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BRP Bhaskar: Stage set for more social strife
May 30, 2017
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Exclusive to The Gulf Today

 
The Narendra Modi government’s attempt to regulate cattle markets across the country appears to be a thinly disguised project to promote the Hindutva agenda of cow slaughter ban through the back door.

Last week the Environment Ministry, which oversees animal welfare, issued a notification imposing stringent conditions on the sale of cattle. While it does not prohibit cow slaughter, it forbids sale of cows, bulls, steers, heifers, buffaloes and camels at animal markets for slaughter.

India had edged past Brazil two years ago to become the world’s largest meat exporter. Last year meat production exceeded Rs 1,300 billion, and beef exports totalled Rs 263 billion.

Since the meat industry gets 90 per cent of its requirements from animal markets the regulations are bound to hit the farmers as well as the meat sellers.

Orthodox Hindus of the Vedic school profess to vegetarianism but the Vedas and other early texts testify that their ancestors ate different kinds of meat, including beef.

Hindus constitute 79.80 per cent of India’s population. However, according to the findings of a recent official survey, only 28 per cent of Indians are vegetarians.

Since some sections venerate the animal, cow slaughter became an issue of contention in the closing stages of the colonial period. In a concession to them, a provision was included in the Directive Principles of the Constitution permitting the state governments to take steps to prohibit the slaughter of milch and draught cattle.

Most states have already enacted legislation to prohibit slaughter of milch cows. However, Kerala, West Bengal and the north-eastern states have not done so.

Since Modi became the Prime Minister and the Bharatiya Janata Party started picking hard-core Rashtriya Swayamsewak Sangh activists as chief ministers, cow vigilantes have gone on the rampage in several states, attacking and killing Muslims and Dalits.

Mohammad Akhlaq of Dadri in Uttar Pradesh and Pahlu Khan, a dairy farmer of Alwar in Rajasthan were lynched to death. Dalit youths were thrashed at Una in Gujarat while skinning a dead cow. In all these instances, the BJP protected the criminals and pressured the police into instituting false cases against the victims and their families.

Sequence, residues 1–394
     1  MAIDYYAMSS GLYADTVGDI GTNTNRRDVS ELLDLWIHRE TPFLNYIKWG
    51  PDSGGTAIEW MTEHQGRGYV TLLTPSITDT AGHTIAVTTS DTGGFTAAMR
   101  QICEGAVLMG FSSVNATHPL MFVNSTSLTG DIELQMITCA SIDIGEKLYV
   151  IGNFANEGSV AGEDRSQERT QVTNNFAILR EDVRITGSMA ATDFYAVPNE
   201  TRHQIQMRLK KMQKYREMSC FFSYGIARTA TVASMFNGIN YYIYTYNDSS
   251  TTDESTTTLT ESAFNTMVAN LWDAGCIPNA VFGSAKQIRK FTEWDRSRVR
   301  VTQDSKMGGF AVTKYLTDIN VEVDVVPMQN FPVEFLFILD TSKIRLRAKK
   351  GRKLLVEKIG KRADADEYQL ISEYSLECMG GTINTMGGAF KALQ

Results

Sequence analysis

Under the newly notified rules, which are to be enforced within three months, only farmland owners can buy or sell cattle at animal markets. Both the seller and the buyer have to prove their identities and establish their status as farm owners. The seller has to obtain an understanding from the buyer that the animals are not for slaughter.

The rules have laid down cumbersome procedures which farmland owners with little education cannot easily cope with.

The government claimed that the rules had been prepared in compliance with a directive the Supreme Court had given in a recent judgement to improve the condition of animals in the markets. Political observers believe it used the opportunity to extend the Hindutva’s cow agenda and fear it may lead to more attacks on Muslims and Dalits.

While most opposition parties and state governments under their control were muted in their response to the Centre’s action, Kerala Chief Minister and Communist Party of India-Marxist Politburo member Pinarayi Vijayan roundly condemned it as an attempt to implement the RSS agenda. In a letter to the Prime Minister he said the rules were impractical.

Youth wings of the CPI-M and the Congress conducted beef festivals at many places in the state to demonstrate their resolve to resist interference in the people’s food habits.

The constitutional validity of the new Central rules is bound to be challenged in the courts. Many legal experts are of the view that the courts are liable to strike down as they go beyond the purview of the Prevention of Cruelty to Animals Act under which they have been issued.

The economic and social consequences of the rules may be more disastrous than the political fallout. Inability to sell cattle which have outlived their utility will upset the fragile economy of farming families which is already driving them to suicide in large numbers.

Some critics feel the government’s real objective is to put an end to the traditional cattle markets and clear the path for big business interests to enter the trade.

The new rules may embolden Hindutva elements to intensify attacks on the minorities and the Dalits, leading to increased social strife. The emergence of the Bhim Army at Saharanpur in UP is a sign of growing Dalit resistance to Hidutva violence.

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 The author is a political analyst of reckoning
 

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